HAVANA (Reuters) - Cuba launched its own variant of the Linux computer operating system this week in the latest front of the communist island’s battle against what it views as U.S. hegemony.
The Cuban variant, called Nova, was introduced at a Havana computer conference on “technological sovereignty” and is central to the Cuban government’s desire to replace the Microsoft software running most of the island’s computers.
The government views the use of Microsoft systems, developed by U.S.-based Microsoft Corp, as a potential threat because it says U.S. security agencies have access to Microsoft codes.
Also, the long-standing U.S. trade embargo against the island makes it difficult for Cubans to get Microsoft software legally and to update it.
“Getting greater control over the informatic process is an important issue,” said Communications Minister Ramiro Valdes, who heads a commission pushing Cuba’s migration to free software.
Cuba, which is 90 miles from Florida, has been resisting U.S. domination in one form or another since Fidel Castro took over Cuba in a 1959 revolution.
Younger brother Raul Castro replaced the ailing 82-year-old leader last year, but the U.S.-Cuba conflict goes on, now in the world of software.
According to Hector Rodriguez, dean of the School of Free Software at Cuba’s University of Information Sciences, about 20 percent of computers in Cuba, where computer sales to the public began only last year, are currently using Linux.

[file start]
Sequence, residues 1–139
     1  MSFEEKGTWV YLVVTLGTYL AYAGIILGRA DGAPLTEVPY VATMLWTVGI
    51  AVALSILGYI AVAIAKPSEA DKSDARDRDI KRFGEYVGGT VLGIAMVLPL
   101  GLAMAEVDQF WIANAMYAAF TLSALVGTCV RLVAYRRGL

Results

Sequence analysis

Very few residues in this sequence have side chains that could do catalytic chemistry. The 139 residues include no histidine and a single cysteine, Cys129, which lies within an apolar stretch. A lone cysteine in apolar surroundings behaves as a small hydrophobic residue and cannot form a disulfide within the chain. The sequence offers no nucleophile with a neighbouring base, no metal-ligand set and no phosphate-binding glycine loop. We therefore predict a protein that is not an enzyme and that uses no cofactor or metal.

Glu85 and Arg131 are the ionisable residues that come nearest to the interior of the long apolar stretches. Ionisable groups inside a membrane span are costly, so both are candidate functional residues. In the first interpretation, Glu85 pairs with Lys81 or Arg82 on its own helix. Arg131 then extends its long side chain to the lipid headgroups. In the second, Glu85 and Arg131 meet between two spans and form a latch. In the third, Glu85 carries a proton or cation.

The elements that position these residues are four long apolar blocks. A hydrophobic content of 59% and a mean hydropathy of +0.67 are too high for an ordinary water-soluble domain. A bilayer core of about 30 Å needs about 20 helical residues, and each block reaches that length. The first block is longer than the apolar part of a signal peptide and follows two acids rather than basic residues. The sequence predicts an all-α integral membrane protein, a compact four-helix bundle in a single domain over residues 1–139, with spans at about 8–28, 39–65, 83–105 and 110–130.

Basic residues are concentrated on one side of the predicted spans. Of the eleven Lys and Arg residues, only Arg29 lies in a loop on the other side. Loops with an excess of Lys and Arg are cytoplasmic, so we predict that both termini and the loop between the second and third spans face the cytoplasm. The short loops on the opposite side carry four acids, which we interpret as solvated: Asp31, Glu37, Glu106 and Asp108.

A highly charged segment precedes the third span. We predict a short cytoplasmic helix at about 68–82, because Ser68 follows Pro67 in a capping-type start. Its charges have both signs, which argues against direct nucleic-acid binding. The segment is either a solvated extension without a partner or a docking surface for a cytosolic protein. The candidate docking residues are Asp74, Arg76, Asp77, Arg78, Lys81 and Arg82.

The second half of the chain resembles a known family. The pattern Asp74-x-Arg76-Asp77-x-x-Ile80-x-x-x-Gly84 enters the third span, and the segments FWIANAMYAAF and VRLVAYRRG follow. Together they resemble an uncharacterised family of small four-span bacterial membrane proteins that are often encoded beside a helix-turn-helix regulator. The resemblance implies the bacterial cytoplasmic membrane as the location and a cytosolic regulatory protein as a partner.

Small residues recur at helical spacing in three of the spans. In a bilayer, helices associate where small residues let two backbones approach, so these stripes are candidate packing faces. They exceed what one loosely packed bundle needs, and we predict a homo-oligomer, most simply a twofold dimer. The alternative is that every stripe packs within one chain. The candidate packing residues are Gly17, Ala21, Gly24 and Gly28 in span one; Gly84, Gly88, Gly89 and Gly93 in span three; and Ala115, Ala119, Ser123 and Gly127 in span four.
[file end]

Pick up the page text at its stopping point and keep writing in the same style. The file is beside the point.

Nova is Cuba’s own configuration of Linux and bundles various applications of the operating system.
Rodriguez said several government ministries and the Cuban university system have made the switch to Linux but there has been resistance from government companies concerned about its compatibility with their specialized applications.
“I would like to think that in five years our country will have more than 50 percent migrated (to Linux),” he said.
Unlike Microsoft, Linux is free and has open access that allows users to modify its code to fit their needs.
“Private software can have black holes and malicious codes that one doesn’t know about,” Rodriguez said. “That doesn’t happen with free software.”
Apart from security concerns, free software better suits Cuba’s world view, he said.
“The free software movement is closer to the ideology of the Cuban people, above all for the independence and sovereignty.”
Editing by Jeff Franks and Bill Trott